Most would agree that human beings seem to be hardwired to seek happiness. It appears to be an innate impulse (although in reality, it is impossible to say whether the first humans displayed this tendency). Whether instinctual or acquired, the pursuit of happiness is practically universal among humans of the modern era. In today's world, almost everything we do is in some way motivated by our desire to lead lives that are both happy and fulfilled.
Unfortunately, for many of us, happiness can be quite elusive. This is especially true in Western cultures. Modern Western societies tend to be obsessed with doing, achieving, and posessing. We look for happiness in external activties, concrete achievements, and material posessions. Unfortunately, evidence suggests that living this way does not make people happy. Instead, it breeds malaise, discontent, and chronic feelings of restlessness.
Restlessness is propelled by a desire to be somewhere other than here, doing something other than the activity in which you are currently engaged. It is a state characterized by unease and agitation.
When people seek happiness from external sources, restlessness is the inevitable result. When we believe happiness exists out there in the world then that is where we search for it. We identify something we think will bring happiness and we set about trying to achieve or obtain it. When we get it, we initially experience intense feelings of pride, satisfaction, and pleasure. "Now," we say to ourselves. "Now I can be happy."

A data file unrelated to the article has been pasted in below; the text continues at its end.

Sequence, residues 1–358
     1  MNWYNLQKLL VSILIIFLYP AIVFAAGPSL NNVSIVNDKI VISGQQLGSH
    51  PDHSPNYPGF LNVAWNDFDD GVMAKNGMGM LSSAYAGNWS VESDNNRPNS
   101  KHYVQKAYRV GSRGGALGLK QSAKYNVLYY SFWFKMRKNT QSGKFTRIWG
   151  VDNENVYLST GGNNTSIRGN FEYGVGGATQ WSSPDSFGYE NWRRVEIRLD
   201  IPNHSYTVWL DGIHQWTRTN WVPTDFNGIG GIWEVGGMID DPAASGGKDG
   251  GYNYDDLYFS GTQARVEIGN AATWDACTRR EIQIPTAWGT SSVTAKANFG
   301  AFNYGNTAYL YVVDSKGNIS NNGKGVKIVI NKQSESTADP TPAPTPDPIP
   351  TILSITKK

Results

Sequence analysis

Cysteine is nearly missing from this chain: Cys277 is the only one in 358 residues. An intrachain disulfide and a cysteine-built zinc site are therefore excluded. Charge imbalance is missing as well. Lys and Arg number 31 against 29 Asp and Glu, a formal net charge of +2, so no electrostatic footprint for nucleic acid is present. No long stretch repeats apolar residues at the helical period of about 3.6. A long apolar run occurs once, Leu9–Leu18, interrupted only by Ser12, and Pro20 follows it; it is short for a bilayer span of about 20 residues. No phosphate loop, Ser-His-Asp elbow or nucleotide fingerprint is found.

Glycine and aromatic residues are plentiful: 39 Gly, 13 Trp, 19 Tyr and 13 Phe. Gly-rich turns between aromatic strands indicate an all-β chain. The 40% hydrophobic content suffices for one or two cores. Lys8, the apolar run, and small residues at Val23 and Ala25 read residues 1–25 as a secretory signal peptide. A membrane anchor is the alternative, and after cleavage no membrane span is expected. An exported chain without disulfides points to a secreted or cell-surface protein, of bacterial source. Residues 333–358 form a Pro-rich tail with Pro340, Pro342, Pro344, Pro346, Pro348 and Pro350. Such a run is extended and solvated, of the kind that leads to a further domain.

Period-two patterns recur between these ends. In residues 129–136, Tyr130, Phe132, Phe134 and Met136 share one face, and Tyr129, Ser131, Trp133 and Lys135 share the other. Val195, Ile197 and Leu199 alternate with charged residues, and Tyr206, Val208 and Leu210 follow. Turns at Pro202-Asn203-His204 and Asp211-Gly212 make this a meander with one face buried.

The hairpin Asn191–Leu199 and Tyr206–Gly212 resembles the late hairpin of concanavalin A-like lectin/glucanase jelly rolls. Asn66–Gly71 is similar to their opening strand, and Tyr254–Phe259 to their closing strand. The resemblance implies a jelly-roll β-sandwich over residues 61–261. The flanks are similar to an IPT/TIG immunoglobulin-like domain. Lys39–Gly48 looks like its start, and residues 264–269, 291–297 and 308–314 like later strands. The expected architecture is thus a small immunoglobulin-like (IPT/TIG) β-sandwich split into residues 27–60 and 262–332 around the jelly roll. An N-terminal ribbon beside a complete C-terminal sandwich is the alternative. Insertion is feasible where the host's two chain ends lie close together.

Unfortunately, our pleasure is always short-lived. Once the novelty wears off, we realize that we feel no differently than we did before. The thing we wanted so badly has not brought us happiness. We feel restless, so we begin to search for something else we believe will make us happy. The cycle continues.
Restlessness is not a particularly comfortable feelilng, especially when it becomes a daily presence in our lives. The natural reaction to something unpleasant is to try to get rid of it. Restlessness is alleviated by movement. We seek happiness, come up short, and move on to look for it somewhere else. Perhaps we leave our spouse or begin a new romance. Maybe we quit our job, sell our home, or move to a new city. Or we might get a new haircut, buy a new wardrobe, and adopt a new look. We're restless so we move, however we choose to do it.
We look outside of ourselves for happiness; we will never find it there and so will always feel restless. All humans have the drive to seek happiness; our restlessness spurs us to continue on this quest.
Our quest becomes much easier if we look in the right place. Happiness comes from within...
Of course that's a bit cliche', is it not? It's all well and good to say that happiness comes from within, but what does that mean exactly?
The first thing we have to do is stop moving. In her article "Boredom - The Gateway to Peace," Joan Brooks explains that we must learn to do nothing. Westerners tend to feel compelled to always be doing something. If we remain idle for too long, we begin thinking about all the things we could, should, or would rather be doing. There is no stillness because we don't pause long enough for our minds and our bodies to settle. As soon as we feel bored or restless, we're on the go again. Brooks suggests that instead of bolting into action when restlessness arises, we "need to slow down and find some peace and serenity." This will undoubtedly be quite difficult to do, at least initially. Over time, however, we learn to sit with our feelings, without trying to change them. Eventually, we learn to let go, relax, and just be.